New York City, the city that never sleeps, was one of the first put to rest when the coronavirus pandemic hit. With its world-famous museums, 24.7 nightlife, and restaurants mostly shut down, buyers and renters took themselves to more suburban areas where they could get out of the house while remaining safe. This left a ton of city real estate vacant and available at cheaper rates. However, now that the world is now being restored and people are craving that non-stop city life again, we couldn’t help but wonder what the market is becoming.

Compass Real Estate Agent, Bryce Kristall, spoke to CELEB about the New York City Market- how it’s changed, what is currently happening and advice for both buyers and sellers. Considered to be a “rising star in the industry” Bryce has experienced the rollercoaster ride that real estate market takes you on, let alone the ride that the pandemic has created. 

A Shift In Values

New York City

Living through a quarantine a lot of us have learned how unlivable our homes truly are. Whether it be not having enough outdoor space, no secluded work area, and so on, we’ve been using our homes as a place to eat, sleep and wind down but not necessarily to go about our everyday routine. And let’s be real, why would we when we live in a world with endless activities and places to discover? Anyways, being tied down to the house for such a long period of time has shifted what people value when searching for a new place to live. Kristall shared “Quarantine changed our perspectives about our homes. Our homes have become everything to us and the meaning of home is important now more than ever. There has been an increased interest in homes with multiple bedrooms, washer dryer in unit, office space, and outdoor space. These homes have warranted a premium and buyers have been willing to pay the price.” She also emphasized on townhouses and their dominance in the luxury market of Brooklyn. “Townhouses are the culmination of all of the lavish amenities consumers are looking for – thousands of sq ft, separate living, eating, sleeping, working spaces, complete privacy, and outdoor space – balconies, rooftops, backyards, gardens.”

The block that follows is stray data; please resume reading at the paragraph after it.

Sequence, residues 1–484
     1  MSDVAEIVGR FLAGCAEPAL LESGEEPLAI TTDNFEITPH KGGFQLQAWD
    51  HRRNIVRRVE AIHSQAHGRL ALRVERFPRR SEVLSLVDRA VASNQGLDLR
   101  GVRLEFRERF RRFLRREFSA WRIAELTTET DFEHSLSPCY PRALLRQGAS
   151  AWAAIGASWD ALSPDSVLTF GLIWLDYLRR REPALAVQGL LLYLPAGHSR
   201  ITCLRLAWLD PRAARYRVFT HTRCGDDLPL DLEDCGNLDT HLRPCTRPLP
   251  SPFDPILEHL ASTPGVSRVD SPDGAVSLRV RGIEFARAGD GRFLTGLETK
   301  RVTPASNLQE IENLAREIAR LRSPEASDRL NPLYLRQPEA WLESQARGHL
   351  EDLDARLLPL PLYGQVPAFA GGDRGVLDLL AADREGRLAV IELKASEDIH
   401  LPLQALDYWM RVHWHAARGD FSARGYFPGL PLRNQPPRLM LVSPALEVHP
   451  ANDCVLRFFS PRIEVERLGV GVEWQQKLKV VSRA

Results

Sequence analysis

The need for these desires is typically synonymous with overspending/ spending money that buyers don’t necessarily have, but fortunately NYC makes it hard for that to happen due to strict lending requirements from banks. Kristall explains that sometimes sacrifice is necessary and it isn’t always possible to get everything on your list. She encourages her buyers to prioritize the top two to three aspects of a home that are most important and moving forward from there.

The Real Estate Market In A Pandemic World

Bryce gave us some insight on the market pre-pandemic saying, “the months leading up to the shutdown in NYC the market was starting to shift and stabilize out of a heavily sided buyer’s market. Prices were rising and December 2019 was the best December for signed contracts since 2016.”